LDH

In normal tissues, lactate generation is limited to anaerobic conditions where oxygen levels are low. In contrast, cancer cells preferentially convert glucose into lactate through glycolysis, even under normal oxygen concentrations, a phenomenon termed “aerobic glycolysis” or the Warburg effect. Anti-glycolytic therapeutic approaches against cancer have been (re-)evaluated, in consideration of the dependence that cancer cells have on a high glycolytic rate[1]. In particular, human LDH-A (or LDH-5; EC 1.1.1.27), a key glycolytic enzyme that catalyzes the formation of lactate from pyruvate and is frequently upregulated in clinical tumors, is currently being considered as a strategic target for the blockage of glycolysis. Since humans missing the LDH-A enzyme (as a hereditary disease), are healthy, it has been hypothesized that inhibition of LDH-A as an anticancer strategy should give no significant on-target side effects [2], [3].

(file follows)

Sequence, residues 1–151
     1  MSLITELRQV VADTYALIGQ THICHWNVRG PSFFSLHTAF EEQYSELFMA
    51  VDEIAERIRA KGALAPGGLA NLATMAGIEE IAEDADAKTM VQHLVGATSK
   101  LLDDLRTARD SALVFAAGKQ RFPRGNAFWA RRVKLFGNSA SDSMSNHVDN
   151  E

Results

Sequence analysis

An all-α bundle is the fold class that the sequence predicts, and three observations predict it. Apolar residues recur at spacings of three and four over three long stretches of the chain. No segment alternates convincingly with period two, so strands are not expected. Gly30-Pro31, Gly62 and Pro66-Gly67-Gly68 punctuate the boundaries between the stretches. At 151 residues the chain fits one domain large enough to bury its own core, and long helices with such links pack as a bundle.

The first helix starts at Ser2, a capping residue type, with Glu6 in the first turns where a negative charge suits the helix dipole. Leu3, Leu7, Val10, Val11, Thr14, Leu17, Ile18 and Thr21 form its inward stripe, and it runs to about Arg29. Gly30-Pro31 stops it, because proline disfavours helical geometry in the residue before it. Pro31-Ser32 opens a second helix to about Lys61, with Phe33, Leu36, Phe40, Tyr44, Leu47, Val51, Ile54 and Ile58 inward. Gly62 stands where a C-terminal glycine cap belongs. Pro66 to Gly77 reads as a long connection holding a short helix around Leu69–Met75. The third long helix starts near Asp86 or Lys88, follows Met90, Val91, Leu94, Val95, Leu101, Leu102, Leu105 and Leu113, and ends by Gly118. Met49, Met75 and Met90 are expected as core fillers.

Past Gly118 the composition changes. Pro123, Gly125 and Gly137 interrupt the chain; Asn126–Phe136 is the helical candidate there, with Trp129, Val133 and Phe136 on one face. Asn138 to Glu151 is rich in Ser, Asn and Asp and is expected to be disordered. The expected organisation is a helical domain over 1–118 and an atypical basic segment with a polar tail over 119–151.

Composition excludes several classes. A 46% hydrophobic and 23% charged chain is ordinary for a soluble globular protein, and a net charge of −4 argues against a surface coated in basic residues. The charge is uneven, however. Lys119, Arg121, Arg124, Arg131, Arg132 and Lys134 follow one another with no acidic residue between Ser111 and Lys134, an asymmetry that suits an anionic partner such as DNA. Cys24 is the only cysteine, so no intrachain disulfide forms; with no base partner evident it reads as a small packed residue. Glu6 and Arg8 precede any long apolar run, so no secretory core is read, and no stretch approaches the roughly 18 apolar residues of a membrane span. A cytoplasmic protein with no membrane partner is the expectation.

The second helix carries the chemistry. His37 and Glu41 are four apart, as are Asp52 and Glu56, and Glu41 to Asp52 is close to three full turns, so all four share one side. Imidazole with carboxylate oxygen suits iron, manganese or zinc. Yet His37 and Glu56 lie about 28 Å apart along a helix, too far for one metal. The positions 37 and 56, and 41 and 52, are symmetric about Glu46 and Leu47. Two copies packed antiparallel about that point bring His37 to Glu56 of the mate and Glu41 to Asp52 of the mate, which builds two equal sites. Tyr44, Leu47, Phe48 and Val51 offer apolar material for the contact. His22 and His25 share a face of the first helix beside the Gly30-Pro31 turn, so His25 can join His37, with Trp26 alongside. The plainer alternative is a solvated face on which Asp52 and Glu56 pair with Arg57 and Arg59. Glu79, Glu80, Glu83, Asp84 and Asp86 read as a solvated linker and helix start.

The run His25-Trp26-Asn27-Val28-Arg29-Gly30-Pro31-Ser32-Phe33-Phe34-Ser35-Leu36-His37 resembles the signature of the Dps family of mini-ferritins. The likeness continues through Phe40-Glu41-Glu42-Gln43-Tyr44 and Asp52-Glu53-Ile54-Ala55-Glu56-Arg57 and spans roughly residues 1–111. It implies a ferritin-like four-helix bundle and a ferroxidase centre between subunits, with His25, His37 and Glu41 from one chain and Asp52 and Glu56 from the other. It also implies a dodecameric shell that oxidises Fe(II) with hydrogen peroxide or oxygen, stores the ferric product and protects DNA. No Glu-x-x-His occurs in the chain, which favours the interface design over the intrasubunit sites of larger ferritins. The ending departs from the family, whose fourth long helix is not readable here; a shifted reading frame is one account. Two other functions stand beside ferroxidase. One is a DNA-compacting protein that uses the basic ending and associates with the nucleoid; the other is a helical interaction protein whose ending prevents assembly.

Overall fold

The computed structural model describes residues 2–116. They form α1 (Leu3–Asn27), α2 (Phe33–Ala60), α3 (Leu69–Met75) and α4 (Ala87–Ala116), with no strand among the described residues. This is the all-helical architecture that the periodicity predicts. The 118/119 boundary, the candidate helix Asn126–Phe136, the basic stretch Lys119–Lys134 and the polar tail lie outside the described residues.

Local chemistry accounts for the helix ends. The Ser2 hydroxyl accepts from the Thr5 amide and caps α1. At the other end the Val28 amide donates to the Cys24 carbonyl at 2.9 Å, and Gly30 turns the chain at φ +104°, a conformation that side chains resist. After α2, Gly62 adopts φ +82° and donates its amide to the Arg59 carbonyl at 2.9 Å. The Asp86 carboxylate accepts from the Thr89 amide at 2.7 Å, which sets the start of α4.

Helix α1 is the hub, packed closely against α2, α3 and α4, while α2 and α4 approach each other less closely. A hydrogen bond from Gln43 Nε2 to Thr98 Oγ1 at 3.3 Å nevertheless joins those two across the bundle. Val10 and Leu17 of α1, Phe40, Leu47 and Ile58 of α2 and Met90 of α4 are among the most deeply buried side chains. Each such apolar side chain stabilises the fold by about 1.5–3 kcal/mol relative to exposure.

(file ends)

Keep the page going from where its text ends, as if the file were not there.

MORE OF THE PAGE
[1] RA Ward et al. Design and synthesis of novel lactate dehydrogenase A inhibitors by fragment-based lead generation. J Med Chem. 2012 Apr 12;55(7):3285-306.
[2] C Granchi et al. Discovery of N-hydroxyindole-based inhibitors of human lactate dehydrogenase isoform A (LDH-A) as starvation agents against cancer cells. J Med Chem. 2011 Mar 24;54(6):1599-612.
[3] C Granchi et al. Assessing the differential action on cancer cells of LDH-A inhibitors based on the N-hydroxyindole-2-carboxylate (NHI) and malonic (Mal) scaffolds. Org Biomol Chem. 2013 Oct 14;11(38):6588-96.

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2450 NHI 2 Selective cell membrane permeable inhibitor of human lactate dehydrogenase A €90.00

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